TZ: MEI played a pivotal role for me at HKS because it supplemented the shockingly lacking course offerings on the MENA region with indispensable public events and seminars. The academics, diplomats, and policy experts who were part of MEI’s roster of lectures provided much needed insight and analysis from the ground, and instigated necessary conversations that otherwise would not have taken place on this campus.

Examples of some of the programing that impacted me include, the seminar, “Enabling Egypt’s New Mamelukes: Global Partnering with the Military Economy” with Yezid Sayigh, Senior Associate at the Carnegie Middle East Center and Lina Khatib, Head of the Middle East and North Africa program at Chatham House talking about Syria. The latter was exceptionally important since there was a paucity of Syrian students on campus for the past 2 years. Another important seminar for me was the study group “Human Rights in the Arab Region: What Next?” led by Dr. Fateh Azzam, former director of the Asfari Institute for Civil Society and Citizenship.

What are you most looking for- ward to as an HKS graduate?

MB: I am looking forward to turning some of the ideas into projects, collaborating with professors and fellow graduates on different projects that help bridge the gaps between countries and that can have positive impact on policies, especially in the areas of entrepreneurship and leadership.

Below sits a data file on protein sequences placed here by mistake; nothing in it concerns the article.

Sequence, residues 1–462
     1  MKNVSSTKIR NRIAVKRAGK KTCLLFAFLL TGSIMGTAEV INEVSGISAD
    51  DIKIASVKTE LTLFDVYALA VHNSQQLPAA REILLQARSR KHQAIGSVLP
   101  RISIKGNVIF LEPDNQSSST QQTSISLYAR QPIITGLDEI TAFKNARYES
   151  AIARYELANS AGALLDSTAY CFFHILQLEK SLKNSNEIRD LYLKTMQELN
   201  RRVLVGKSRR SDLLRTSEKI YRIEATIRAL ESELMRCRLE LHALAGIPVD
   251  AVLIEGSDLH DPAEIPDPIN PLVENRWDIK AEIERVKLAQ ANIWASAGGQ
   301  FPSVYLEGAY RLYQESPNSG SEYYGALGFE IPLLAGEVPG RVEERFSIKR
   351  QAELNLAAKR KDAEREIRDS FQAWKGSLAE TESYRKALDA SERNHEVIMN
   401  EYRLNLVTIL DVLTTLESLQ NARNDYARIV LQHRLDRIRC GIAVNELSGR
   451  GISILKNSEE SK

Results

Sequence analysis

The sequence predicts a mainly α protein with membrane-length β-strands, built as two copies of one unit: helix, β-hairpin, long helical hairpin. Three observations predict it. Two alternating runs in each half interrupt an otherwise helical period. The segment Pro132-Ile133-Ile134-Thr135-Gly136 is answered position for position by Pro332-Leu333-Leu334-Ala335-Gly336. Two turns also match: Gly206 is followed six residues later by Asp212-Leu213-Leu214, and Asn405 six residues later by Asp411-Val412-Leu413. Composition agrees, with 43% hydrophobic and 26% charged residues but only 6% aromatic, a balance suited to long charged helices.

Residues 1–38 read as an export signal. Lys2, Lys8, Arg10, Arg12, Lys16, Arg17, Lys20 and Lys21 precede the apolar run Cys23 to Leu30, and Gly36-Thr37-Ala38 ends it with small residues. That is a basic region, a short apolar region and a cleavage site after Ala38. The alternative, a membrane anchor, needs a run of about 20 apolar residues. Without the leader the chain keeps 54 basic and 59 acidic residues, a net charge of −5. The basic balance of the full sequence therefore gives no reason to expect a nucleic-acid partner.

TZ: I hope to use the lessons I learned here to be of service to other people. I take the words “public service” very seriously. The investment that was made in my education must pay off , because I plan to pay forward the luck and privilege I was afforded by this experience to enter the public and non-profit sector exclusively. When I return home, I look forward to sharing what I’ve learned with the people who I hope to join in the fight.

What advice would you give to incoming students?

MB: Immerse yourself in this experience, keeping in mind what you want to gain. Ask for help, and surround yourself with the support system that enables you to achieve what you want. And finally, give yourself permission to change your mind about what you really want!

TZ: The real education at HKS happens outside of and between classes. The most valuable lessons you will learn always involve taking a risk, which is richly rewarded by the amount of experience it yields. Get involved in and initiate events, discussions, and dialogues with centers and student groups, especially those whose politics and value systems differ from your own.

I strongly advise you to go to every event you can. If you don’t like the events you see and you think certain topics are missing, then organize something yourself! HKS provides you with a launch pad - it’s an incubator that allows you to take risks and test ideas in a controlled environment before you go back to implement them when you return home. Speaking of which, I also advise that you consider organizing student treks to your home country to offset the misinformation and stigma around our part of the world and to make a seriously lasting impression on your fellow colleagues and contribute to their education - they will undoubtedly contribute to yours.

For more information on this publication: Belfer Communications Office
For Academic Citation: Mawhorter, Christopher, ed. We Are Here.” (December 20, 2018).